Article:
Astrophysicist Tyson, the director of Hayden Planetarium at the American Museum of Natural History, delivers a forceful, cumulative argument for space exploration even in the face of a disastrous economy.
In this collection of articles and talks, the author investigates what space travel means to us as a species and, more specifically, what NASA means to America. Deploying an energetic tone, scattershot with clever twists and peculiar, entertaining factoids, Tyson handles the species half of the equation from the comic angle. That perspective is inclusive and humbling, open and encouraging of wonder, and the author finds in Earth a precious mote in the vastness, allowing readers to transcend the primal and celebrate great scientific laws to appreciate our place in the universe. It also helps us get past the jingoistic aspects of space exploration, for if NASA—the other half of Tyson’s concern—is driven by anything, it is military politics. “When science does advance, when discovery does unfold, when life on Earth does improve,” he writes, “they happen as an auxiliary benefit and not as a primary goal of NASA’s geopolitical mission statement.” But those auxiliary benefits are the critical, serendipitous fallout of the space program: GPS, cordless power tools, ear thermometers, household water filters, long-distance telecommunication devices, smoke detectors and much more. You can’t script the benefits; you have to have faith in the cross-pollinating splendors of science, and Tyson finds little evidence for this in the current Congress. If Tyson handles both the rarified and scientific justifications of continued space funding with aplomb, his economic reasoning falls short. One half a penny of each tax dollar sounds scant, but that leaves only 199 like-sized programs for the entire government.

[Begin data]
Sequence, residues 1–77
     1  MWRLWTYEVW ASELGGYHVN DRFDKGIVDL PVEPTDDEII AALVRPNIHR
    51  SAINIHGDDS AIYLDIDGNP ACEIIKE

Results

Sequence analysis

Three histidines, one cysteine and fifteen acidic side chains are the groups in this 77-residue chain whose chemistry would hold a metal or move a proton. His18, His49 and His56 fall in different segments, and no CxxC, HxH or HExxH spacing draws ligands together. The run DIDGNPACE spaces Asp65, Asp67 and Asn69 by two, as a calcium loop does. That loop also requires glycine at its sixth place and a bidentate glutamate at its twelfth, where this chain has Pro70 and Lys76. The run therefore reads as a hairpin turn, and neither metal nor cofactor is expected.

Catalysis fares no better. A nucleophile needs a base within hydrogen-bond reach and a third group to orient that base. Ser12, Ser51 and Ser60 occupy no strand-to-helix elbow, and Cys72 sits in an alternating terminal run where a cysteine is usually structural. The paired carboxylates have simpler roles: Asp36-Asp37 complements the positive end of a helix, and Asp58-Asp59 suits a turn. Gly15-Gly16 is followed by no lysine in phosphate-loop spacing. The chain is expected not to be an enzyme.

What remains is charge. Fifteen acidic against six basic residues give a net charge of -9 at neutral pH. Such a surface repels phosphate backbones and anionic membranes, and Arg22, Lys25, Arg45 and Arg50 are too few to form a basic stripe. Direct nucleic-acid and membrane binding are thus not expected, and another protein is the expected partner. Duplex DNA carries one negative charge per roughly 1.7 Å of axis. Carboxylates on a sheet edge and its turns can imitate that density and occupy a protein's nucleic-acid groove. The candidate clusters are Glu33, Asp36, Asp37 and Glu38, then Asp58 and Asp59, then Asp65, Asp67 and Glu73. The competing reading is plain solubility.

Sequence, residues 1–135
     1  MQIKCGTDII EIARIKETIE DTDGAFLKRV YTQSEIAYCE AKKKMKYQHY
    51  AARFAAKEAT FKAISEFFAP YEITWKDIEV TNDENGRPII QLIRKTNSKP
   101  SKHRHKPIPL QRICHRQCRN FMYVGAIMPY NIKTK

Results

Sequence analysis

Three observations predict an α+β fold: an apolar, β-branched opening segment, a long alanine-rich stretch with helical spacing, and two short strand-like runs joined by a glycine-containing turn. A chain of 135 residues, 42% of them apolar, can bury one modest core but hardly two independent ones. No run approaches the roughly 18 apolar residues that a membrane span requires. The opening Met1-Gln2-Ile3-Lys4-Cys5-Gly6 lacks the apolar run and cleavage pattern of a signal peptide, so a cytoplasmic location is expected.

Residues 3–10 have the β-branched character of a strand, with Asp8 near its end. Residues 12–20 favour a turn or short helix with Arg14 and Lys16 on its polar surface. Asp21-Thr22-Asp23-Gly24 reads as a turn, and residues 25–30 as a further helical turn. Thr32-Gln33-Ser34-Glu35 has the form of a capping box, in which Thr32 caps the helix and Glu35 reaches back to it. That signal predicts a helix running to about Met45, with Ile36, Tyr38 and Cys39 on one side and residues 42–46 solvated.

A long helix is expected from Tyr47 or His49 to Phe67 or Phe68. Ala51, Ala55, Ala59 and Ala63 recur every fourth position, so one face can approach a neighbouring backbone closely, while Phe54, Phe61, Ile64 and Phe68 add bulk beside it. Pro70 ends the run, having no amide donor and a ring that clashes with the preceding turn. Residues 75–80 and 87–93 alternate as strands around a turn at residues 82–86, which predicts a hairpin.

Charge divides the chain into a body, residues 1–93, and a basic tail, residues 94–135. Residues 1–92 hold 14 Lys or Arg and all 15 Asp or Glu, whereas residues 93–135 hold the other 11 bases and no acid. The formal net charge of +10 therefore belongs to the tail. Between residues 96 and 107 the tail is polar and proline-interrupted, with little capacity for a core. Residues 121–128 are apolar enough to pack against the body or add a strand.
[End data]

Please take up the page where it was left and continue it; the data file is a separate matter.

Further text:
An enthusiastic, persuasive case to start probing outer space again.